soilatlas2015_web_141221

soilecologyuman

soilatlas2015_web_141221

HOT SPOTS

BAD STEWARDSHIP

TOWN ON THE MOVE

The northern Swedish town of Kiruna has been built around the world’s biggest underground

iron mine. Below ground, the mine is eating its way towards the town centre. So the town

has to get out of the way: it is being moved lock, stock and barrel several kilometres to the

east. The clock tower, several historic buildings and the century-old church will be moved;

the other buildings will be torn down and built anew. In many other countries, the residents

would simply be evicted, but Sweden is different: the state-owned mining company is paying

for the move, which is expected to cost more than 600 million euros.

Kiruna

PHOSPHATE FROM A GREY ZONE

Phosphate is the most important natural resource of the Moroccan-occupied Western Sahara.

The open-case mine at Bou Craa is one of the biggest in the world. A conveyor belt

over 100 kilometres long brings the ore to the coast. The economic significance of the

mine is increasing as world reserves of phosphate decline and prices rise. From the point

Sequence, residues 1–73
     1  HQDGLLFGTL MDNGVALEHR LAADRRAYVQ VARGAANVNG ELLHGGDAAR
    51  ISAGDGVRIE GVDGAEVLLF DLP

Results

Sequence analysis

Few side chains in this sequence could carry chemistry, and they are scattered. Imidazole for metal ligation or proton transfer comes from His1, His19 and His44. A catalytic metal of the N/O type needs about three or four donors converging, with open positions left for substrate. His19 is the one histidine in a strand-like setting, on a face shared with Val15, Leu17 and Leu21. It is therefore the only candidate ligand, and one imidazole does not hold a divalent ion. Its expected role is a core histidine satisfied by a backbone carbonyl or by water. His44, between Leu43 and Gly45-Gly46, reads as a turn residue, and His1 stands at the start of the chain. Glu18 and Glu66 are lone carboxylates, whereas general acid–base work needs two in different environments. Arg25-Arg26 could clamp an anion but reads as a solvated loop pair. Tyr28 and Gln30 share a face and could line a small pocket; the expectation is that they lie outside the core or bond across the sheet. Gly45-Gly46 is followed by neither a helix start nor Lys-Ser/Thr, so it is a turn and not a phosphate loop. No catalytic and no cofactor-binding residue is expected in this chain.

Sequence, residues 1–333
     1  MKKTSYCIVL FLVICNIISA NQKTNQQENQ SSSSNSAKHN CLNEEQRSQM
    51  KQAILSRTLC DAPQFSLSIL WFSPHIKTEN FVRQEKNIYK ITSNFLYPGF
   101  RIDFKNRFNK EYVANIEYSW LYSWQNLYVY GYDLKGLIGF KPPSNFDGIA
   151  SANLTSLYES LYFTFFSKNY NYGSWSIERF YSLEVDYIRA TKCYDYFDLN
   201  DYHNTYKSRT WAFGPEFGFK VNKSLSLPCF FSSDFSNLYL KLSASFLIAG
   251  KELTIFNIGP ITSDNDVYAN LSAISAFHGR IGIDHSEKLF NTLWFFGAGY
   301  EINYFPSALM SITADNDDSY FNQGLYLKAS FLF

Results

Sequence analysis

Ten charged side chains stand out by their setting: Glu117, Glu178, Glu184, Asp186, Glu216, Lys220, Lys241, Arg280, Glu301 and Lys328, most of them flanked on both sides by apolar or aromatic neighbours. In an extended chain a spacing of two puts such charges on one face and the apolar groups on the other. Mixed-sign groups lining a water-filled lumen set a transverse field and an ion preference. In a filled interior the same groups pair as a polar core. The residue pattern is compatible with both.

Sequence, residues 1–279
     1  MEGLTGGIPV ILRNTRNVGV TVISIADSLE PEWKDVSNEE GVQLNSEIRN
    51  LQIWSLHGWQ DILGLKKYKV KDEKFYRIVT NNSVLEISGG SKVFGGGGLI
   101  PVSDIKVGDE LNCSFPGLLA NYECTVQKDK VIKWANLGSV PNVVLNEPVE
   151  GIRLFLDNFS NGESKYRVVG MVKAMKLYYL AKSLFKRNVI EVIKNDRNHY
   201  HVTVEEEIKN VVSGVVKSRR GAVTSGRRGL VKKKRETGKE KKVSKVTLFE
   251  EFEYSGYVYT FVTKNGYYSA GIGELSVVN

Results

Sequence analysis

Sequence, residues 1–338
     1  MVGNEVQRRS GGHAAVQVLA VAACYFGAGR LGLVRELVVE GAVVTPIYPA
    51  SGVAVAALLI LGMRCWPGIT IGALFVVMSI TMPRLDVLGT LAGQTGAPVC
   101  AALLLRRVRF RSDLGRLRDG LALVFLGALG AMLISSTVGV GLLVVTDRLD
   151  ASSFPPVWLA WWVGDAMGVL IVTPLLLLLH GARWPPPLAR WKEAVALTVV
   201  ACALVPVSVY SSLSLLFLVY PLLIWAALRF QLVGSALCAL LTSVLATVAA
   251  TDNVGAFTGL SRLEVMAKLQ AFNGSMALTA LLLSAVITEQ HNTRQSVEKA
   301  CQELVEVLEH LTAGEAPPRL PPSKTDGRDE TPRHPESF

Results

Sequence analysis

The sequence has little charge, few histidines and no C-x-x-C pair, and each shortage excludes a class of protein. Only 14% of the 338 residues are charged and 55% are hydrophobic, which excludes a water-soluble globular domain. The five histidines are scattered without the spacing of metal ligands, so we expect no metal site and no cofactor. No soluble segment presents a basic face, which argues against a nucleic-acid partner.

of view of international law, the removal of natural resources from an illegally occupied

region constitutes theft by the Moroccan state. Several states, including India, recognize

the independent Sahrawi Arab Democratic Republic, but imports the phosphate anyway.

Western Sahara

Nigeria

SPRAYING ON A GRAND SCALE

Nearly all of the soybeans grown in

Argentina are genetically modified to resist

Glyphosate, a herbicide. Farmers use tractors

or planes to spray their crop. According

to the Argentinian health ministry, twice as

many people die from cancer in areas with

large-scale use of agrochemicals than the

national average. In 2012, a pilot and two

soy producers were found guilty of spraying

Glyphosate and the insecticide Endosulfan

near a residential area. In the last year

alone, Argentinia farmers are thought to

have sprayed 200 million litres of pesticides

on soybean crops.

Argentina

BENZENE IN THE WATER

The densely populated Niger Delta

is one of the most polluted areas of

the planet. More than 5,000 oil wells

and 7,000 kilometres of pipelines

obstruct farming, aquaculture and

fisheries. Water sources contain too

much benzene – a carcinogen – to be

used for drinking. After the Ogoni and

Ijaw, two Delta tribes, failed to benefit

from government programmes, they

launched a resistance movement in the

early 1990s. This has led to bloody repression

by the government, especially

against the Ogoni. Political conflict

has led to ethnic strife, with the Ijaw

declaring the Delta to be theirs, and the

Itsekiri people registering their claims

to oil-rich land faster than the Ijaw. The

United Nations Environment Programme

estimates the cost of cleaning up

the pollution at 1 billion dollars.

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SOIL ATLAS 2015

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